To the Calgary Jewish community,

By now, everyone is likely aware of the Covid-19 (corona) virus and its effect on our lives. Many organizations and businesses have been posting messages to the public on how they are managing this concern as it pertains to their specific organization.

The Chevra Kadisha of Calgary has also implemented practices to reduce the risk from this virus. Our priorities remain to preserve the health of our community and our volunteers while at the same time, try to preserve the services and customs we offer which are considered essential by our community.

Public health and government authorities have declared large gatherings of people, or gatherings attended by out of town people or those who are medically compromised, as risky and to be avoided. Many of our mourning practices (funerals, shiva visits, etc.) are of this type of activity. Therefore, until further notice, we will be asking that funerals occurring at our site be restricted to graveside services only. Funeral attendees wishing to use our facilities will be admitted to our building individually to avoid gatherings in enclosed spaces and will be asked to sanitize their hands at the door both when entering and leaving. These attendees will also be asked to maintain safe distances from others while at services, and to wear gloves if they wish to participate in the mitzvah of burial. While we recognize that mourners are often from out of town, waiting for a self-isolation period to conclude before holding a funeral will not be possible if we are to perform the mitzvah of burial according to Jewish mourning practices.

As much as possible, bereaved families needing to make arrangements will be asked to reach us by phone to minimize direct contact. Anyone needing to contact us will be asked to phone us initially, again to reduce frequency of direct contact. Families will be reminded of the risks of large shiva gatherings and to use discretion in their mourning.

We will also be working to maintain the highest standard of cleanliness in our facility. Anyone feeling unwell or just returning from an out of country trip, volunteers and guests alike, will be asked to refrain from coming to our building and to seek medical care as needed.

Circumstances involving the corona virus are constantly changing, and it may be necessary to adjust these policies on short notice. It is our hope that this situation will resolve in the very near future and we can soon return to our usual practices.

Until then, we wish everyone good health and remind you to follow the advice of health professionals.




A Voluntary Service to The Jewish Community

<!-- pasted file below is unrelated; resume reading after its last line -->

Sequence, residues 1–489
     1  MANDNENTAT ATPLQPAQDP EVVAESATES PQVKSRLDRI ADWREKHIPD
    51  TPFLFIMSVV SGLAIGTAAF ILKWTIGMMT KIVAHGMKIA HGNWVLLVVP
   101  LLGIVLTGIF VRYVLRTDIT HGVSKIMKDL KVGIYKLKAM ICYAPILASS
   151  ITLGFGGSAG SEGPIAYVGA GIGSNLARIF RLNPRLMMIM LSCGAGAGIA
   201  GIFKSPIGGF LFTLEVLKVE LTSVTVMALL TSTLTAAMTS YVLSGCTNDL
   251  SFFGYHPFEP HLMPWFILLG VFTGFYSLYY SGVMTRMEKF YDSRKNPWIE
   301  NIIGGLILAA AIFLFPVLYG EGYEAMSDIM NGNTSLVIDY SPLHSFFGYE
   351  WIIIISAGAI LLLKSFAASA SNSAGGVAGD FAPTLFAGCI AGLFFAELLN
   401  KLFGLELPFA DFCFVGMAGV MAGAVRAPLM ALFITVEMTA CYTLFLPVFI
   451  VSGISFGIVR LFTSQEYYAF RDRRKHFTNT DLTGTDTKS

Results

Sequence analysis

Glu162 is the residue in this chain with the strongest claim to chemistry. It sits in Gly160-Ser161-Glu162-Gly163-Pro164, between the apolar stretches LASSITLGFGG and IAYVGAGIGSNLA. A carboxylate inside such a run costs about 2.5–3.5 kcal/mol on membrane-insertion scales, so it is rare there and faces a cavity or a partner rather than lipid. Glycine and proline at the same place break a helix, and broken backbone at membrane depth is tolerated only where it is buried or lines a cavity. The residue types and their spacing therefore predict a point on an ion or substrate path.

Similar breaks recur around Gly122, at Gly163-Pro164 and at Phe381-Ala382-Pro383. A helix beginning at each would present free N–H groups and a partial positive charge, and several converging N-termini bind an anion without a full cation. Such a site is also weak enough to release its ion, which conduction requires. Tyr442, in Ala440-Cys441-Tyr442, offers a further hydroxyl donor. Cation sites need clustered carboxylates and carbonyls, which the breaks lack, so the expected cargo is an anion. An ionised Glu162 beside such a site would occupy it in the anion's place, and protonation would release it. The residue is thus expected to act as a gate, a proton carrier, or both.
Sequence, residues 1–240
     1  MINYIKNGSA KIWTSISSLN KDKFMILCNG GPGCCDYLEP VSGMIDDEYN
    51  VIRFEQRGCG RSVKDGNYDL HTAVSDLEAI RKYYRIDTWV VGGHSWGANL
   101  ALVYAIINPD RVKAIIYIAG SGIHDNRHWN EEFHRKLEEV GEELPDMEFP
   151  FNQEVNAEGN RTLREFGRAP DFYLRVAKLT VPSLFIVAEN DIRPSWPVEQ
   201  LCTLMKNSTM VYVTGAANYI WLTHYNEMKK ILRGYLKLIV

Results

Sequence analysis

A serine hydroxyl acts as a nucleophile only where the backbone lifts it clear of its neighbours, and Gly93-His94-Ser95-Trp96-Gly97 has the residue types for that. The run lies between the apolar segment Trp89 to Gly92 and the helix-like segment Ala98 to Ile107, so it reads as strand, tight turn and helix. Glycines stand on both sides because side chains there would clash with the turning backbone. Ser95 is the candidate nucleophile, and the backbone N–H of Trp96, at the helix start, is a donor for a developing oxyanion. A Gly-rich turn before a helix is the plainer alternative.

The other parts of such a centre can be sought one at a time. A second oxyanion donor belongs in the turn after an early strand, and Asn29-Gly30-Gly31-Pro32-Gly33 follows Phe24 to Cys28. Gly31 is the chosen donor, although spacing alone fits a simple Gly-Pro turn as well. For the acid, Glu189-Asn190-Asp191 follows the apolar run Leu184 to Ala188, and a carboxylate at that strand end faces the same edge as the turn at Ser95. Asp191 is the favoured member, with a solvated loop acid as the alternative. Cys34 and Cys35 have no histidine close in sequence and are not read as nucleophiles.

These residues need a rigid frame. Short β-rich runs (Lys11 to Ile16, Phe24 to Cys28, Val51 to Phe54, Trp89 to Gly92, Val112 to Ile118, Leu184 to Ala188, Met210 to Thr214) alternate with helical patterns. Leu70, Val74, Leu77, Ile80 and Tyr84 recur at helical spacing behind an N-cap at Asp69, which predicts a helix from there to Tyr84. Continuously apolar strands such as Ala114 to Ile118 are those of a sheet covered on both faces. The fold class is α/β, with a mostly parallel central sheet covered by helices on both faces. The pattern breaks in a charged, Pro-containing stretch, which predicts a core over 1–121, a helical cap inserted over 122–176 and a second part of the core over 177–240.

The Chevra Kadisha, literally “The Holy Society,” is Calgary’s oldest Jewish communal organization.

Its mandate to provide Jewish burial services and is the continuation of an age-old tradition of burying the dead with dignity, with proper ritual, and as a communal service. Over a thousand burials have been conducted by the Calgary Chevra Kadisha over a 112 year period, all by dedicated volunteers from every spectrum of the community.


The Chevra Kadisha was formed in 1904 when Calgary had only a few Jewish families. An infant, Goldie Bell, died. Her father, Nathan Bell, and Jacob Diamond approached the City and the Jews of Calgary purchased a small plot adjacent to Union Cemetery on 30th Avenue S., on what is now Macleod Trail.

The “Hebrew Burying Ground” cost the tiny Jewish community $160, a substantial sum for the time. There was one burial in 1904 and one in 1906, and there were seven in 1907. The original plot of land was expanded in 1907, and again in 1909.

When the Congregation House of Jacob was formed in 1907, the Chevra Kadisha was carried on by a synagogue committee (with essentially the same leadership). The community was growing rapidly, and in 1914 the Chevra Kadisha was incorporated as an independent society. First President was Charles Malkin.

Funeral services were conducted in a small building on the cemetery site, from private homes, and later at cooperating funeral homes.

The original cemetery continued to expand, and in 1943, the Chevra Kadisha took over management of a Jewish section of Queen’s Park Cemetery. In 1976, a third Jewish cemetery opened, and is owned and operated by the Beth Tzedec Synagogue.

In 1961, the Chevra Kadisha opened its own funeral chapel on 17th Avenue W. The Chevra Kadisha is now located at the North East corner of Highway 22X and 37 Street SW.  Here women and men still religiously perform Tahara – the ritual care and preparation of the deceased – arrange the memorial service, and supervise burial.

It is a labour of love, and a dedication to faith and community.

101, 17818 – 37 Street SW, T2Y 0M9
Corner of 37 Street SW and Highway 22x ( Spruce Meadow Trail)

PHONE: 403-244-4717 (24 Hours)

President Bill Aizanman received a Shem Tov award from Calgary Jewish Federation president Bruce Libin June 21, 2017 in recognition of his years of service. Bill has been a Chevra Kadisha executive member for 26 years, serving as president for 23 years